SSL encrypted traffic has increased tremendously over the last 5 years, representing 50% of traffic on some networks. The increased adoption of cloud applications during the same time period, apps like Google Apps, SalesForce, Workday, ServiceNow, etc also increases SSL traffic. Even social networking and consumer apps like Facebook, Gmail, and Google search now utilize SSL.
This has created a blind spot for enterprise IT if they have not rolled out a mechanism to decrypt SSL traffic.
Without decryption, the content and files transferred are not inspected for threats or data leakage. Solutions including secure web gateways, proxies, and next-generation firewalls utilize a variety of forward and reverse proxy technologies. The desire to decrypt traffic in order to increase data security, can be slowed by legal departments since privacy policies and laws make it important to differentiate personal user traffic (e.g. Banking, Medical) from enterprise app usage (e.g. Salesforce, Workday).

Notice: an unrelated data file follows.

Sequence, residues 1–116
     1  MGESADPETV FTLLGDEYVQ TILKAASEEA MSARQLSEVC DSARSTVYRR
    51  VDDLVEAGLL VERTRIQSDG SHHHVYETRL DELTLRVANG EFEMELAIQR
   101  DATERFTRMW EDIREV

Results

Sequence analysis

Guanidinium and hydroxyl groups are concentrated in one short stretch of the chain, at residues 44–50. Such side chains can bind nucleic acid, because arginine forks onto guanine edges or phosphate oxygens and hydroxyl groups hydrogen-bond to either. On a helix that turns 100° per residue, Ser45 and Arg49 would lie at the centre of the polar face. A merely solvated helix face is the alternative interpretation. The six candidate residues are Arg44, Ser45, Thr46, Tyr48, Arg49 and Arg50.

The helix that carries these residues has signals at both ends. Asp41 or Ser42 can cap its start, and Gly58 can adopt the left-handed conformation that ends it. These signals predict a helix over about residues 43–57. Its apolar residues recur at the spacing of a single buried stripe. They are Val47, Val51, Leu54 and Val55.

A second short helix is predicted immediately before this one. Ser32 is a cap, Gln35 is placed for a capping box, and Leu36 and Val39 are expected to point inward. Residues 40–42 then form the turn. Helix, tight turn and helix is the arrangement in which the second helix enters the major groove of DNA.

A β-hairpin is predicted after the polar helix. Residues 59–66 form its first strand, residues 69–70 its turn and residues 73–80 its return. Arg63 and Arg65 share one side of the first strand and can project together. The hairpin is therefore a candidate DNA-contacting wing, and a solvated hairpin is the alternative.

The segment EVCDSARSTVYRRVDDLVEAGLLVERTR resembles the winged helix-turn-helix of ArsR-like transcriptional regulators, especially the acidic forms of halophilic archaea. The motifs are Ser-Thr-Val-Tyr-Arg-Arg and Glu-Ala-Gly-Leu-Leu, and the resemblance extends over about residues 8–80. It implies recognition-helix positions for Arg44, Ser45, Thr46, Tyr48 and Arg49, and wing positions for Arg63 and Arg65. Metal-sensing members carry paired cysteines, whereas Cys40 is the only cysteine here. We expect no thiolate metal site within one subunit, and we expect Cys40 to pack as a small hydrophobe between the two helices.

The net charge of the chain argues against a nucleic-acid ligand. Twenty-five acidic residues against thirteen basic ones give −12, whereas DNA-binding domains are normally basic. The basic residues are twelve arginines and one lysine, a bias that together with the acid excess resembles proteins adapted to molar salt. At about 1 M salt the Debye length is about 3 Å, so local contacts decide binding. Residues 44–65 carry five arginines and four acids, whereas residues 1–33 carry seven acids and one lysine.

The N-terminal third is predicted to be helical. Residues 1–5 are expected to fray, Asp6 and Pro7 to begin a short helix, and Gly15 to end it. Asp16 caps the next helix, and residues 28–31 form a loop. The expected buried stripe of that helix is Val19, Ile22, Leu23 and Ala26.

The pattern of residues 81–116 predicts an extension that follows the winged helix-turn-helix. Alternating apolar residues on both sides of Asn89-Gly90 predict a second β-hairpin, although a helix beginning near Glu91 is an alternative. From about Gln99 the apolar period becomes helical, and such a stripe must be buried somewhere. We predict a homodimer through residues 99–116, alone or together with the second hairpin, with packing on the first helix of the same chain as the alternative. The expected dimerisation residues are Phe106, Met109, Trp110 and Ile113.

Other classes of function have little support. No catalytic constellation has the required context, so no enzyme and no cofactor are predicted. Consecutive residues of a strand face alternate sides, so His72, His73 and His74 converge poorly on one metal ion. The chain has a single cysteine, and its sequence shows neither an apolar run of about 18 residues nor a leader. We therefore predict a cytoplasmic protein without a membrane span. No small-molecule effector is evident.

Forward-proxy technologies typically terminate, decrypt, and inspect traffic without differentiating personal from corporate accounts. They also require pushing trusted certificates or proxy configuration files to endpoints which can be a management nightmare for IT, resulting in never-ending device provisioning or enrollment cycles. This approach is becomes untenable in BYOD environments where employees expect their personal lives to remain private.
Reverse-proxy technologies deploy in front of business applications and can specifically target corporate traffic, leaving the user’s personal traffic alone. There is also no requirement to manage certificates or proxy configuration files which results in reduced operating expense.
In the end, users want to remain productive, with the devices and apps they love to use, all without feeling like Big Brother is looking over their shoulder. IT wants to avoid adding any solution that increases management overhead but still needs to secure company data assets.
What do you think?
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